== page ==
How to Bake: The Art and Science of Baking Ch. 7

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Hi, Im Dennis Weaver and I would like to share my baking book with you, How to Bake. Its free. Its illustrated. Its 300 pages. Its the most comprehensive downloadable home baking guide you'll ever see. If you study the material in this book, you wont just be a better baker; youll be an expert baker. Im going to teach you what I knowwhat you would learn in a culinary schooland not charge you a dime. That's a pretty good trade I'd say, since culinary school would cost you thousands of dollars. I want to share what Ive learned over the years and in my training. I want to make you a better baker. Ill explain things in a way that youll understand and learn even if youre a beginner. And even if youre an expert, I promise youll still learn. Save it, print it, add it to your kitchen library. Share it with your children and pass on your culinary knowledge to future generations.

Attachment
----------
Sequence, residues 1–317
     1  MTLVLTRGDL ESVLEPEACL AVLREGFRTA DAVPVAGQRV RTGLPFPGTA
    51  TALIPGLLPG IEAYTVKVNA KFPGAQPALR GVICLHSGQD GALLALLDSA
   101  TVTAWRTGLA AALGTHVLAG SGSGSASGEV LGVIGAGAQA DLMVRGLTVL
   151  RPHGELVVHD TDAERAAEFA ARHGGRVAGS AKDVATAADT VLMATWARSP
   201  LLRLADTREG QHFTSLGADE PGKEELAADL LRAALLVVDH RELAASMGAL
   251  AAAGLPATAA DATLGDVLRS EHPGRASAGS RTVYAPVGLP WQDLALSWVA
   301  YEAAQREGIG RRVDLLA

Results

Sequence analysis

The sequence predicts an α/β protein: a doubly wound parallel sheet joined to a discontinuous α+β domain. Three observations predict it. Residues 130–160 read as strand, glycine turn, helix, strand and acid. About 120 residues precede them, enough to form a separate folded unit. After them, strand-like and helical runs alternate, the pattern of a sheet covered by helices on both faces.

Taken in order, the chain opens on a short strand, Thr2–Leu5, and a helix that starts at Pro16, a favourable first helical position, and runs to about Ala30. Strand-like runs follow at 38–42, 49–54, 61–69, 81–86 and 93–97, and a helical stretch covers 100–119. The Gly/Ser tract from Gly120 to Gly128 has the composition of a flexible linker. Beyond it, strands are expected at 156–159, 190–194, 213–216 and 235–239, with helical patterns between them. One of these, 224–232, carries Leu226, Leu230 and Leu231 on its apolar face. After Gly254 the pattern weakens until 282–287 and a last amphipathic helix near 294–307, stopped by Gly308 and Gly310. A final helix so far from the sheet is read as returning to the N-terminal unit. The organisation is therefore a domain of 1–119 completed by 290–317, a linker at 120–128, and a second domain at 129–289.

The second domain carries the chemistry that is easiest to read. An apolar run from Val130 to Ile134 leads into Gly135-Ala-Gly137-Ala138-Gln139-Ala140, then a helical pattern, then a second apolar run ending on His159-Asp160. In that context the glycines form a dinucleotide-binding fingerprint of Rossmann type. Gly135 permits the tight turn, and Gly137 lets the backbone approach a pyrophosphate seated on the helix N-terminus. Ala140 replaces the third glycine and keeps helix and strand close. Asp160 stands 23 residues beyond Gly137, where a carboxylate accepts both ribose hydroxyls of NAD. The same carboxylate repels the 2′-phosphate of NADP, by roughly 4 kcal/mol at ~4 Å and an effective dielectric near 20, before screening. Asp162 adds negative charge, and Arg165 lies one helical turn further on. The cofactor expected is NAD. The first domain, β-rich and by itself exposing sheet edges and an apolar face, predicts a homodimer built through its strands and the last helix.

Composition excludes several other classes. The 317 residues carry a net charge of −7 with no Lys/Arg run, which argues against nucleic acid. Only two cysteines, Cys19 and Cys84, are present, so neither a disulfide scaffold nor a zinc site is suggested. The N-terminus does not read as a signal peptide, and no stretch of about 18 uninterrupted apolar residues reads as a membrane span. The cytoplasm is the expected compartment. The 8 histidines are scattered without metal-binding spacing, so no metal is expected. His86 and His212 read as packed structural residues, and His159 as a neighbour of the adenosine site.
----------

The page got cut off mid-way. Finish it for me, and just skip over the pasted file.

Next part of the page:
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<ul><li><p>Chapter 7 </p><p>The Sweeteners: Sugar, Honey, and Molasses and How We Bake with Them </p></li><li><p> 2006 The Prepared Pantry 248 </p><p>Chapter 7 The Sweeteners: Sugar, Honey, and Molasses and How We Bake with Them </p><p> Part 1: The Family of Sweeteners ............................................................................... 251 </p><p>White Sugars ....................................................................................................... 251 Brown Sugar ........................................................................................................ 251 Turbinado Sugar .................................................................................................. 252 Decorative Sugars ................................................................................................ 252 Honey .................................................................................................................. 252 Molasses .............................................................................................................. 252 Dehydrated Honey and Molasses......................................................................... 253 Corn Syrup ........................................................................................................... 253 </p><p>Part 2: How to Use Sweeteners ................................................................................. 254 The Functions of Sweeteners .................................................................................. 254 Sugar Cooking: Syrups and Sauces ........................................................................ 256 Making Syrups and Sweet Sauces .......................................................................... 258 The Use of Starch in Sauces ................................................................................... 258 Substituting Sugar and Honey ................................................................................. 260 Using Honey in Yeasted Breads .............................................................................. 260 Decorating Cookies with Sugar ................................................................................ 261 How to Decorate the Edges of a Cookie .................................................................. 261 Topping Muffins and Quick Breads with Sugar ........................................................ 262 Cookie Decorating Tips ........................................................................................... 262 </p><p>Part 3: RecipesApplying What You Learned ........................................................... 264 Basic Syrups (with Recipes) .................................................................................... 264 </p><p>Homemade Maple Syrup ...................................................................................... 264 Vanilla Syrup ........................................................................................................ 265 Cinnamon Vanilla Syrup ....................................................................................... 265 Chocolate Syrup ................................................................................................... 266 Chocolate Banana Smoothie ................................................................................ 266 </p><p>Basic Sauces (with Recipes) ................................................................................... 267 New England Chocolate Sauce ............................................................................ 267 Supreme Caramel Sauce ..................................................................................... 268 Supreme Butterscotch Sauce ............................................................................... 269 </p><p>Pecan Pancakes with Butter Pecan Syrup ............................................................... 270 Autumn Apple Pancakes with Walnut Caramel Syrup .............................................. 272 Peach Melba on Gingerbread Pancakes .................................................................. 274 Golden California Raisin Bread ................................................................................ 276 Peanut Butter and Honey Cookies ........................................................................... 278 Cinnamon Banana Breakfast Cakes ........................................................................ 280 Save Time with No-Bake Cookies ............................................................................ 282 </p><p> Copyright 2006, The Prepared Pantry. All rights reserved. The material herein is published by The Prepared Pantry for the private use of individuals and may not be used for commercial purposes without the express consent of the publisher. The information contained herein is believed accurate but the publisher makes no warranties, express or implied, and the recipient is using this information at his or her own risk. </p></li><li><p> 2006 The Prepared Pantry 249 </p><p>The Sweeteners: Sugar, Honey, and Molasses and How We Bake with Them </p><p>The SweetenersAn Introduction </p><p>Got a sweet tooth? This chapter is for you. Here we will explore the ways we sweeten our baked goodsfrom plain granulated sugar to honey. Discover the array of sweeteners available, how to substitute one for another, and how they work in baking. You will also find recipes that rely on these sweeteners. </p><p>Sugar is the last of the three cornerstones of bakingflour, butter, and sugar. Well look at specialty sugars such as turbinado, other sweeteners such as honey, and even dry molasses and dry honey. </p><p>Sweeteners do more than just enhance the taste. They can add crunch, work as a decoration, change the structure of cookies and cakes, induce browning, and even retard staling. But lets dig in and learn about these sweeteners. </p><p>Types of Sweeteners </p><p>Sugars are carbohydrates. To the chemist, sugars refer to a family of compounds with particular molecular structures. Sugars can be classified into two types: simple sugars (monosaccharides) and complex sugars (disaccharides). Glucose and fructose are monosaccharides. Sucrose, lactose, and maltose are disaccharides. Why is this important to the baker? Each sugar has a different level of sweetness. For instance, sucrose is less sweet than the glucose and fructose combination in honey. </p><p>Sucrose is what we know as granulated sugar, the sugar found in most recipes. Most of us are familiar with granulated sugar so we will list the other sugars in relationship to sucrose. </p></li><li><p> 2006 The Prepared Pantry 250 </p><p>Fructose, one of the sugars found in honey, is a powerful sweetener. Pure fructose is twice as sweet as sucrose, yet has only half the calories. Fructose has another endearing quality for bakers: it is hygroscopic. That is, it attracts moisture rather than dehydrates. Because of this, honey helps products remain fresh and moist. </p><p>Lactose, found in milk, has 85% of the sweetness of sucrose. Whole milk contains less than 8% lactose by weight therefore a cup of milk does not contain a great deal of sugar. Adding a cup of milk to your recipe may be the equivalent of adding a tablespoon of sugar. </p><p>Glucose is about 75% as sweet as sucrose or granulated sugar. Glucose is found in both honey and the molasses-like syrup that is added to refined sugar to make brown sugar. </p><p>Glucose, lactose, and fructose caramelize more easily than sucrose. Because of that, adding honey, milk, or brown sugar to a recipe will create a browner product than will sucrose alone. A loaf of bread made with brown sugar or milk will usually have a deep brown crust when fully baked. </p><p>Splenda: A Sugar Substitute </p><p>Since we now offer breads made with Splenda, a non-caloric substitute for sugar, we thought it was important to look at the safety aspects of sugar substitutes. </p><p>Splenda is a trade name given to a generic, low calorie sweetener called sucralose. Sucralose is manufactured by altering the molecular structure of everyday granulated sugar. According to the Food and Drug Administration and the Joint FAO/WHO Expert Committee on Food Additives, sucralose is safe to consume, even for those who are pregnant. The FDA has specifically accepted it as safe in baking mixes. If you would like more detail, we suggest reviewing the FDAs approval paper at http://vm.cfsan.fda.gov/~lrd/tpsucral.html. </p><p>Most of the sucralose in Splenda (NutraSweet and Aspartame are not made from sucralose) passes through the body without being digested so it never reaches the bloodstream. There is some minimal caloric absorption but it is so low that the FDA classifies sucralose as a no-calorie sweetener. </p><p>While sucralose is calorie free, it provides no nutritional content. Sucralose should be eaten with good, whole foods that are high in nutrients. </p><p>We currently offer Sunrise Sugar Free Seven Grain Bread, Sunrise Sugar Free Country Oat Bread and Sunrise Sugar Free Whole Wheat Bread in both machine mixes and traditional mixes. In addition to being lower in calories and carbohydrate, these breads are loaded with whole grains, milk, and other natural products to be part of a healthy lifestyle. </p></li><li><p> 2006 The Prepared Pantry 251 </p><p>Part 1: The Family of Sweeteners </p><p>White Sugars </p><p> White sugars are refined to take all of the brown syrup or molasses out of the final product. To the baker, it is our most important group of sugars. </p><p> Granulated sugar is the table sugar that we are all familiar with. It is 99% sucrose and is a disaccharide refined from either sugar cane or sugar beets. </p><p> Superfine sugar, or caster sugar, is simply granulated sugar ground to a finer texture. Because superfine is composed of smaller crystals, it will dissolve faster. It is used in applications where the sugar needs to dissolve with a minimum of stirring. We like it especially in whipped cream and meringues. It is often used with butter for creaming since with more particles, there are more sharp edges to cut into the butter and create tiny air pockets. </p><p> Confectioners or powdered sugar is pulverized granulated sugar with 3 to 5 percent cornstarch added. If you substitute part of the confectioners' sugar for granulated sugar in a sugar cookie recipe, the added cornstarch will make for a stiffer dough and a cookie that will hold its shape a little better. Confectioners' sugar added to baked meringues will reduce its proclivity to weep. Because it is so fine, it does not cream with butter or shortening to create tiny air pockets as granulated or brown sugar does. </p><p>Brown Sugar </p><p>Brown sugar is refined sugar with some molasses either left in the sugar from the refining process or added as a syrup. The combination results in a caramel flavor and enough invert sugar to help keep baked goods fresh. Substituting brown sugar for a portion of the granulated sugar in a cookie recipe, adds caramel flavor, increases spread, and creates a cookie that will stay moist longer. Products baked with brown sugar will brown quicker than those baked with granulated sugar. </p></li><li><p> 2006 The Prepared Pantry 252 </p><p>Turbinado Sugar </p><p>Turbinado sugar is an amber-colored sugar manufactured into course crystals. It has a little of the caramel flavor of brown sugar. Turbinado sugar makes a wonderful decorative sugar for cookies, cakes, muffins, and pie tops. Our Brownie Sugarsnap Cookies are topped with turbinado sugar to give them added sweetness and a wonderful crunch. </p><p>You can see turbinado sugar in the accompanying picture. </p><p>Decorative Sugars </p><p>Decorative sugar, or coarse sugar, is large-grained sugar used as a decorative topping for cakes and cookies. It is also used to create a crunch on the top of cookies. </p><p>Decorative sugars come in different sizes and colors. The white sugar on the plate to the right is size AA. The red sugar is slightly smaller, a size A. The green sugar is finer yet, a sanding sugar comparable to most of the decorative sugars that we see in the stores. The amber-colored sugar is turbinado. The turbinado that we use is slightly larger than AA. </p><p>Honey </p><p>Honey is a derived from the nectar of flowers and, when commercially produced, heated to kill any yeasts or bacteria, and filtered to remove foreign substances. Each flower type adds its own distinctive flavor and the composition of the honey varies slightly depending on these flower types. When substituting honey for sugar, consider three factors: honey has a distinctive flavor that is imparted to baked goods, honey is 1 1/4 times sweeter than sugaradjust your recipe accordingly, and because it contains fructose and glucose, it is hygroscopic and will retard staling. </p><p>Molasses </p><p>Molasses is a by-product of the sugar refining process and can be light or dark depending on the process. Molasses is typically added to baked goods for its strong, distinctive flavor. Because it contains an invert sugar and is not 99% sucrose as granulated sugar is, it attracts moisture and keeps baked goods from drying out. </p></li><li><p> 2006 The Prepared Pantry 253 </p><p>Dehydrated Honey and Molasses </p><p>Thats righthoney and molasses can be purchased in a dry form. They are processed with sucrose or dextrose and are not as concentrated as the liquid forms. Since they are composed with real honey and real molasses, they carry the flavors of each. </p><p>In the picture, the darker mound is dried molasses and the lighter pile, dried honey. The white pile to the left is ordinary sugar. </p><p>These are easy and convenient to use. We use them regularly in bread and cookie mixes. If you make mixes in a jar or mixes for your own use, consider these dried forms of honey or molasses. It also makes a great topping on ice cream, cereals, or dessert. </p><p>Its an easy way to use honey or molasses in those recipes that call for sugar. The sweetness of these dried forms approximates sucrose or table sugar and they can be substituted on a one-for-one basis with sugar. </p><p>Corn Syrup </p><p>While sugar beets and sugar cane have a high sugar content, corn consists primarily of starch and yet corn syrup rivals the sweetness of table sugar. To process corn into something as sweet as sugar, an enzyme is used to convert the starch to sugar. The more complete this conversion is, the sweeter and more viscous is the syrup. Corn syrup is often used in candies and frostings because it wont turn grainy as sugar can. </p></li><li><p> 2006 The Prepared Pantry 254 </p><p>Part 2: How to Use Sweeteners </p><p>The Functions of Sweeteners </p><p>Sweeteners change the characteristics of our baked goods. Weve identified seven different ways that sweeteners affect our baked goods: </p><p> Moisture retention: </p><p>Weve already discussed the moisture retaining qualities of brown sugar and molasses. Both honey and corn syrup also have those qualities. Because they are hygroscopic, not only do they help retain moisture in the baked product but they also draw additional moisture from the air. Candies made with hygroscopic sweeteners will draw moisture from the air and may become sticky. </p><p> Browning: </p><p>Even a little sugar will help brown cookies as th...</p></li></ul>